ply showers or pools in their newer buildings, but rarely
are there fixtures enough to provide frequent baths for all
98 HEALTHFUL SCHOOLS
or even most of the children enrolled. In many places the
school bath is regarded as something rather like a disciplin-
ary measure. The teacher inspects the children, and upon
detecting evidences of uncleanliness orders the culprit to
the showers; so that the idea of bathing is forcibly linked in
the minds of the pupils with the idea of punishment. Few
better methods could be devised for making children wish to
Group showers. The school showers should be regarded
as one of the most important and delightful of school posses-
sions. The children should be made to feel that bathing is
a privilege, and that they are more fortunate than the pupils
in less modern buildings who have to do without. Bathing-
rooms should be made as attractive as possible, well ven-
tilated and flooded with sunlight, and large enough to accom-
modate entire classes at one time. The cheapest form of
sanitary shower is the German type, in which fixtures are
placed above large pools of water about a foot deep, which
are built in the cement floor. Children are turned into these
pools in groups of twenty or thirty, are supplied with cakes
of soap, and after they have carried on a preliminary scrub-
bing with the water already in the pool the showers over-
head give them a thorough rinsing. The pool water is warm ;
the showers are warm, gradually turning to cold. When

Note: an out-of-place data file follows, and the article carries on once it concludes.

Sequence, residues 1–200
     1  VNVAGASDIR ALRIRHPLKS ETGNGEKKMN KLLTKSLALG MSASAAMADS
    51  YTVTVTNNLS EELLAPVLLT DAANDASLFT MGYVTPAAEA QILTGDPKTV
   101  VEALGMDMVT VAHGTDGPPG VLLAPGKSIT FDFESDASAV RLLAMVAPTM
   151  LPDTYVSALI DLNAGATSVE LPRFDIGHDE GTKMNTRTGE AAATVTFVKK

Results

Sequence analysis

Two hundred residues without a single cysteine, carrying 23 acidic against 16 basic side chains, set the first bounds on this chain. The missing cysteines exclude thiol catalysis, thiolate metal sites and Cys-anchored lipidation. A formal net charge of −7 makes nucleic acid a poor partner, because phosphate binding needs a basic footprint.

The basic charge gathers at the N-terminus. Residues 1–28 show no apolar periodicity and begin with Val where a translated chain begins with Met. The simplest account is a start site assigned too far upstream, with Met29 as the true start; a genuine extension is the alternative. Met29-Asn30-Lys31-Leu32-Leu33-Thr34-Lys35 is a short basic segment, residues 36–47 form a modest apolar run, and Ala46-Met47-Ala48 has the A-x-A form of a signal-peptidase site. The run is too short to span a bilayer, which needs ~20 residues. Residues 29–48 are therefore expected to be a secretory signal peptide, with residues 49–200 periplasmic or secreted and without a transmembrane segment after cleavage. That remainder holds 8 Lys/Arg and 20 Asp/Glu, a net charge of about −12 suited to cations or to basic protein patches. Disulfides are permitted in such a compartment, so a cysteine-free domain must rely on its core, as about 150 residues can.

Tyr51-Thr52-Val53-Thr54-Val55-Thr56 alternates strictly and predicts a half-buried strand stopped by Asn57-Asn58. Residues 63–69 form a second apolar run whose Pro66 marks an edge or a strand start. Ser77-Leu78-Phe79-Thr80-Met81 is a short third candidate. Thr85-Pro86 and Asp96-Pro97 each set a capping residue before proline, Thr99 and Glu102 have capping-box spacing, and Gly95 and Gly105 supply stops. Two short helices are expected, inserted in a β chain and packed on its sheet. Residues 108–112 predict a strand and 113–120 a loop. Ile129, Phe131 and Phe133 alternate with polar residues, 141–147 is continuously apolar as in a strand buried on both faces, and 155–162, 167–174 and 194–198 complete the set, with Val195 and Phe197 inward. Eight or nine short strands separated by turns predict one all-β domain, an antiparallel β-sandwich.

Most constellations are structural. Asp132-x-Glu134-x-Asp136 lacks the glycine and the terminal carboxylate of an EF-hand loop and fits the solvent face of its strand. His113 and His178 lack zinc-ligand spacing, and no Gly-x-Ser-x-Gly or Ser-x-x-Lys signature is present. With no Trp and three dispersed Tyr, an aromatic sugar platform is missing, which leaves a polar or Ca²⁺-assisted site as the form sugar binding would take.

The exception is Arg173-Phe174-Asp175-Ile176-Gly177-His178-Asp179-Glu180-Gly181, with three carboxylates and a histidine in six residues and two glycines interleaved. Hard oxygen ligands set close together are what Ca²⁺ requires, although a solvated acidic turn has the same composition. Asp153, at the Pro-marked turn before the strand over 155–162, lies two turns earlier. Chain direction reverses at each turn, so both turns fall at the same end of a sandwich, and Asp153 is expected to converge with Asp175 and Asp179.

girls bathe in this way their hair should be protected by
rubber caps, or by towels worn turban fashion.
Another form of the group shower does away with the
scrubbing-pools, and merely has the children stand on a
cement floor, which slopes toward drains at the center. If
the cement floor becomes slippery it is often necessary to
provide a flooring of wooden slats in order to prevent falling.
In most cases the group shower can be used successfully
with boys, but is not advisable for girls. Even with the
younger girls parents are usually so averse to the idea of
WATER SUPPLY 99
group bathing that school people will find that any such
suggestion arouses strong opposition. Showers for girls
should be placed in booths or separated from the rest of the
room by curtains. Fixtures should be so adjusted that the
spray is shot from the side, rather than from above. It is
very difficult to prevent girls' hair from getting wet in an
overhead shower, and such an arrangement is sure to be
Dressing-rooms. Where the system of ventilation is such
that steam is rapidly carried away, dressing-rooms should be
built close to the showers; but where the air is damp the
outdoor clothing sometimes becomes filled with moisture,